By general Aussie standards today is’ bloody cold mate’. According to the thermometer outside the back door it’s 10c in the sun just after 2pm on Saturday afternoon.

Ideal time to do a bit of blogging I thought but what to write about today?

Photography? No. Motor bikes? No. Landrovers? No. Computers? Hell no. Travelling? No. Work before retirement? No way. Early life?

Early life. That got me thinking about those long gone days and how my childhood growing up in the 1940s and 50s has influenced my way of thinking and my behavioural patterns.

My mother and father were a profound influence. Both were musicians, both were religious, both were well educated and importantly, never lost their individuality. Additionally, both had their own particular activities and both smoked like chimneys.

Family history was important to both of them and as the years went by I heard more and more about the importance of family traditions. This was reinforced on a regular basis when family get together took place at the home of my maternal grandparents. My paternal grandparents passed away before I was old enough to fall under their influence.

My father was an academic whose hobbies, apart from music, were Latin, Ancient Greek, Hebrew and of course, English, all of which he spoke, read and wrote effortlessly.

Mom on the other hand spoke, read and wrote French and German fluently. French because back in the ‘Old Country'( England) she had a French nanny and German to annoy my father.

My father believed in firstly learning by rote and then completely analysing what had been learned.

Now I get to the point of this yarn. I still vividly remember, word for word, a number of the pieces of doggerel my Dad insisted I learn at a very, very young age. This was he said, to convince me that learning can be fun.

Just one example of great doggerel is this piece written in the 1800s by a British playwright and actor named I think Samue Foote. Here it goes, around about 65 years or so after I memorised it:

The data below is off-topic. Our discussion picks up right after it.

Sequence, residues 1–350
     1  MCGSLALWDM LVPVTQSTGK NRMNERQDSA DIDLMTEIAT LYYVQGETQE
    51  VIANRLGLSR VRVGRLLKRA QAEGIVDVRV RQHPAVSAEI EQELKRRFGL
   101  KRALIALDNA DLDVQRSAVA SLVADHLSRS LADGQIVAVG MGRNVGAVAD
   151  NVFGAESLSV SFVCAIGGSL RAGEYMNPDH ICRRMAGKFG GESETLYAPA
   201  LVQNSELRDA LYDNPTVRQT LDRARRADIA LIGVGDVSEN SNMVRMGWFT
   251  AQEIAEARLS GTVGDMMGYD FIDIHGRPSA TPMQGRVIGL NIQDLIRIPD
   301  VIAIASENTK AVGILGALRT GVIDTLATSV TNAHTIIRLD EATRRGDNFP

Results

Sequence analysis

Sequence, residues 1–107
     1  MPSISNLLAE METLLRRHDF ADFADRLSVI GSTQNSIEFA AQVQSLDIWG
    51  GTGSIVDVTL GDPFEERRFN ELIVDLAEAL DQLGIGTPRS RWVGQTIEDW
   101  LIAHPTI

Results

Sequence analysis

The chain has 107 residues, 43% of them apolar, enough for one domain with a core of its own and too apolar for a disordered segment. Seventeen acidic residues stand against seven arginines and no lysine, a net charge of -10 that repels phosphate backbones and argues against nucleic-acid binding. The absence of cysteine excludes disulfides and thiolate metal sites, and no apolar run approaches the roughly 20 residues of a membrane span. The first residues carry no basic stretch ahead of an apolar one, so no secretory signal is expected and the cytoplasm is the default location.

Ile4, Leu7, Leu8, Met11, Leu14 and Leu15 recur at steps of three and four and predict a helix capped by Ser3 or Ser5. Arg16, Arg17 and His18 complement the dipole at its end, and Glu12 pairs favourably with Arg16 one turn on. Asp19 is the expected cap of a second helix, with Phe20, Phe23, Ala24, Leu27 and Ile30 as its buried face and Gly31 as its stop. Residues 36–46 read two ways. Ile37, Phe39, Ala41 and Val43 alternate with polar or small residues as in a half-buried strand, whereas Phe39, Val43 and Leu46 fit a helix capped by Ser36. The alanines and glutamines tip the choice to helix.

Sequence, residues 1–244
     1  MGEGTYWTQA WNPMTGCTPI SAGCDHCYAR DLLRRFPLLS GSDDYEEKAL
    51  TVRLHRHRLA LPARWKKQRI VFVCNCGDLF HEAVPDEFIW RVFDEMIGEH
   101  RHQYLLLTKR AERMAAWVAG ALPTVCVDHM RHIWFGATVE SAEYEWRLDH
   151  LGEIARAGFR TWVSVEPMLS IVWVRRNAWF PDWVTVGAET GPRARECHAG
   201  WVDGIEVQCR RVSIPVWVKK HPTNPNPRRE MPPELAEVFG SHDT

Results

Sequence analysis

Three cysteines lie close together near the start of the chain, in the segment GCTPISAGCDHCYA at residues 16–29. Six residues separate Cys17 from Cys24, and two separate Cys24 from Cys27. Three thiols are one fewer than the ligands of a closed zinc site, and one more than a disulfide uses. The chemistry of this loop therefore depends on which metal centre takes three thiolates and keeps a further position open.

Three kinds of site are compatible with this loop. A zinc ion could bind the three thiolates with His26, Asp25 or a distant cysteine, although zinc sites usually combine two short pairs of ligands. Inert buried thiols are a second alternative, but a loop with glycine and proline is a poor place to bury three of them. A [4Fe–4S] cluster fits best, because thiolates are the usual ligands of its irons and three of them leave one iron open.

She walked into the garden to pick a cabbage leaf to bake an apple pie and at the same time a  great she bear came up the street and shoved its head into the shop.  ‘What, no soap’, he cried. So he died and she very imprudently married the barber and they were all present at the wedding,  the Jobillies and the Picanninies and the Great Panjandrum himself with the little round button on top and they all fell to playing catch as catch can till the gunpowder ran out of the heels of their boots.

Certainly doggerel and totally inane. Fun to learn though as Dad said it would be. Impossible for me to analyse though. Years later I learned why Foote wrote it.

Dad’s habit, which I also learned, was to polish boots and shoes when learning a passage by rote. He told me that the rhythmic to and fro of the brush assisted the memory. Worked for me then and I’ver done it ever since; while learning dirty ditties to sing in the Officer’s Mess, memorising risqué jokes to tell around the camp fire, not to mention memorising  specific instructional details for using the camera,  tools and all things mechanical and most importantly, learning essential information for passing exams.

So there we are, a well learned aide memoir that has helped me to remember lots of useless information over the years.

By the way, they also taught me to never smoke and I never have, Even in the presence of smokers, I’m like Bill Clinton, I never inhale.